The Venomthrope serves as a living chemical weapon dispenser for the swarms of the Tyranid hive fleets. Its whip-like tentacles drip with a multitude of alien poisons. Indeed, so potent are these toxins that it is believed that a Venomthrope’s very touch means certain death.

It’s always nice to see games still get some love from devs several years after launch. I personally haven’t played Gladius, but it is in Joe’s words, “a fun game,” and I trust his judgment. You can find the unit pack here, and the base game on Steam here.

-Jack Trumbull

Warhammer 40k Battlesector: The First Six Missions

The embargo is lifted and I am free to report on my time spent with the latest press build of Warhammer 40k Battlesector! While the core mechanics remain mostly as they were in the previous preview, we now have access to the overarching campaign, or at least a few missions of it, allowing me to ramble on about how I think the game will hold up on release. Oh, and there’s also a sexy photo mode which has been used to embellish this article. No, no, I’m not a trained photographer, thank you, thank you.

Story Time on Baal Secundus

Having access to the first six missions in chronological order finally allows me to dig into the burgeoning narrative of Battlesector. Don’t worry, there won’t be any spoilers here. The story revolves around the integration of the new breed of Primaris Space Marines into the ranks of the Blood Angels. The Blood Angels and their homeworld of Baal have just been devastated by the terrifying Leviathan Tyranid Swarm, during a battle that was so fierce it opened portals to Chaos and unleashed demons across the planet. Only a last second intervention by everyone’s favourite goodytwoshoes Roboute Guilliman and Primaris Marines saved the day.

Now some of these new marines have been assigned to 8th company and the cleanup of Baal Secundus. That’s where you come in. It’s up to you to test their skills as they’re led by grumpy old regular marines. The narrative fits into that comfortable warhammer 40k game narrative niche that doesn’t really do anything crazy, but also doesn’t have to as long as it gives us gruff space marines talking about the grimness of war and how unpleasant the xenos are. We certainly get that in the narrative. There is some room for interesting things to develop with the threads that have been left to us in the preview, so I hope things play out in an interesting fashion, but I’m not super keeping my hopes up for anything groundbreaking.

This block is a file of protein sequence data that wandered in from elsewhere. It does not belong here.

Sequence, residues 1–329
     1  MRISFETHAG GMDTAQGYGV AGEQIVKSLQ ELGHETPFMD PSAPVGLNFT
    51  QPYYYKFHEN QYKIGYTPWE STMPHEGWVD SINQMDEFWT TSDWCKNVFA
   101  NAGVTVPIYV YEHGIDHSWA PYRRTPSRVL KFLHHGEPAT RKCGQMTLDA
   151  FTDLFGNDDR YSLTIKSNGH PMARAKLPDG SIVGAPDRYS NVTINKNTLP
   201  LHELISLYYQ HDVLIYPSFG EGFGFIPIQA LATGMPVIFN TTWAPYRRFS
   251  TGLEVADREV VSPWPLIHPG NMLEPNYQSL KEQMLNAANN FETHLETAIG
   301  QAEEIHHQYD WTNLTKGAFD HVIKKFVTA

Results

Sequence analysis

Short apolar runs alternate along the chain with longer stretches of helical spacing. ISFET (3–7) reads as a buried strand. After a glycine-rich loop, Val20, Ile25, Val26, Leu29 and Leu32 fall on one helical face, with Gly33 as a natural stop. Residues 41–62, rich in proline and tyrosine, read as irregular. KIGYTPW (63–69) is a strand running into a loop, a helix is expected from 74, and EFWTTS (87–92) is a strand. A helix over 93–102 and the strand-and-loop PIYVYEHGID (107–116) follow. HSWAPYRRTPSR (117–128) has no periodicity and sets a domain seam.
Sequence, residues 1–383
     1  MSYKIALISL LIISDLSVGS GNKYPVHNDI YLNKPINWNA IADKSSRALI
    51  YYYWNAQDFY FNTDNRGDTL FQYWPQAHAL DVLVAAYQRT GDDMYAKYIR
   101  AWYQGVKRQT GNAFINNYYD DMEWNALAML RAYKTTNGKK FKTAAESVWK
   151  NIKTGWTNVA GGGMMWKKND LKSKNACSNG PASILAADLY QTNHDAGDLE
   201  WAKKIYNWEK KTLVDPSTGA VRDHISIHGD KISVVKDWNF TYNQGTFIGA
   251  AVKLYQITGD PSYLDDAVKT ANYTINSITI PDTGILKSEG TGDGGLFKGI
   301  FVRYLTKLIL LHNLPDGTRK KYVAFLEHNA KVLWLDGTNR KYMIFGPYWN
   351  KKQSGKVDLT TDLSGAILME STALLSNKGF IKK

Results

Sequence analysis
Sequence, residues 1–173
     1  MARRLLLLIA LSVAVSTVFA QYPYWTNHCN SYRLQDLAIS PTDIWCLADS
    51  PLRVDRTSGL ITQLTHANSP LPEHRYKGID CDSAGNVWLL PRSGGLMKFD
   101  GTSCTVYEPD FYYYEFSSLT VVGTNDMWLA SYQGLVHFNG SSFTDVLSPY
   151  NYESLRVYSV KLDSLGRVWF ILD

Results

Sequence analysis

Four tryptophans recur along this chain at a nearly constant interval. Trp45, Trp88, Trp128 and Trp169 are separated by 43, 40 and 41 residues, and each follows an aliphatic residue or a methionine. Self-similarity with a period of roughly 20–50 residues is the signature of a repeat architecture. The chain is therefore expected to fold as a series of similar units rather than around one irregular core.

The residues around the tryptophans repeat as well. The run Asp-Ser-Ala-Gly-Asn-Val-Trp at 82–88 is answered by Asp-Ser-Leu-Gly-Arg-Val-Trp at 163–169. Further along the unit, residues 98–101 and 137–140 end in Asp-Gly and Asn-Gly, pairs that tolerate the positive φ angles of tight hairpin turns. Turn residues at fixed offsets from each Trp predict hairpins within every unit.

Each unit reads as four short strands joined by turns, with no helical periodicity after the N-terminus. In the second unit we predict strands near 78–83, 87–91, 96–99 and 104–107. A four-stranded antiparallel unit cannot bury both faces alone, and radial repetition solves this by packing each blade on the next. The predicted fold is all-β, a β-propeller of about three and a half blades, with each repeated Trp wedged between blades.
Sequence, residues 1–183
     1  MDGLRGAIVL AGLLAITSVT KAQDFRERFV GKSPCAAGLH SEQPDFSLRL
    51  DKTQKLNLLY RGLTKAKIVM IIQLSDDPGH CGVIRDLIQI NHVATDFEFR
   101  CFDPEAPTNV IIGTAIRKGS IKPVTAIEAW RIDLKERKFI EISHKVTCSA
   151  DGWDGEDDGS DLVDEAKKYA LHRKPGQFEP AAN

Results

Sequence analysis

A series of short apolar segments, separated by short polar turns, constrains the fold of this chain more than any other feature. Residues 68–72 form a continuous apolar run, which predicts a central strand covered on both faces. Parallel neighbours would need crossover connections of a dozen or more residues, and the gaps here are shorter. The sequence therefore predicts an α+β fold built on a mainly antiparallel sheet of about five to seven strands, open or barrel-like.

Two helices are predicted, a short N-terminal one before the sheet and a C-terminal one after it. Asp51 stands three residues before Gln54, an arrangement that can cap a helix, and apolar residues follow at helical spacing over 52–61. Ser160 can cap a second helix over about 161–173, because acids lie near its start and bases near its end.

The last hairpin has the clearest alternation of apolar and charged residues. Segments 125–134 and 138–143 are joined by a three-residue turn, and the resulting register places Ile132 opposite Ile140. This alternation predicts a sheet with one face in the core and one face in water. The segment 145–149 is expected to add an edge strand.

The Campaign Layer

This is the most tabletop part of Battlesector. Between missions you are free to add or subtract units from your army from a stable of Space Marine favourites like Aggressors, Intercessors, and Land Speeders. Each of these cost points and each mission has a point limit, so you won’t be able to take everyone with you each time. Each squad has the option to change out their weapons, but I didn’t really get to experience that in the preview.

Completing objectives and bonus objectives grant you tokens that can be spent on tech trees for each of the Commander characters in your army. These tech options range from passive abilities like increased heath, to active abilities like the option of calling in air support. I personally like the added depth of the campaign layer and actively tried to preserve my squads, especially those who had served with me for more than a couple missions. It’s a light campaign layer, but I like it.

The Game So Far

I still like how Battlesector plays. There is a lot of tactical consideration to be had on every turn. It may seem like the tyranids are a push over, but any real mistake will see your space marines splattered. I like the emphasis on ideal ranges for weapon types and the management of abilities to maximize damage.

The objectives have been pretty varied so far with the exception of the final irksome objective in each map: Kill all remaining tyranids. I wish that weren’t such a constant. They do a good enough job of getting in close so you can kill them, but in general it promotes a very methodical style of play where each encountered unit is dealt with in turn. Some variety here could go a long way in mixing up how missions feel. At least there is no turn time limit.

Aside from that quibble, I’m enjoying myself and I’m sure at this stage that I’ll enjoy the full game. I’m honestly just waiting to see where they take the mission structure and if the gameplay will develop well as more units and challenges are introduced. There is definitely a lot to pull from for inspiration, and what they have here is solid to say the least.

Oh, and there’s a sexy Photo mode. Refer to cool pictures again.

-Joe

Slitherine Home of Wargames, Battle Sector Preview, and FOG II Medieval: Reconquista upcoming!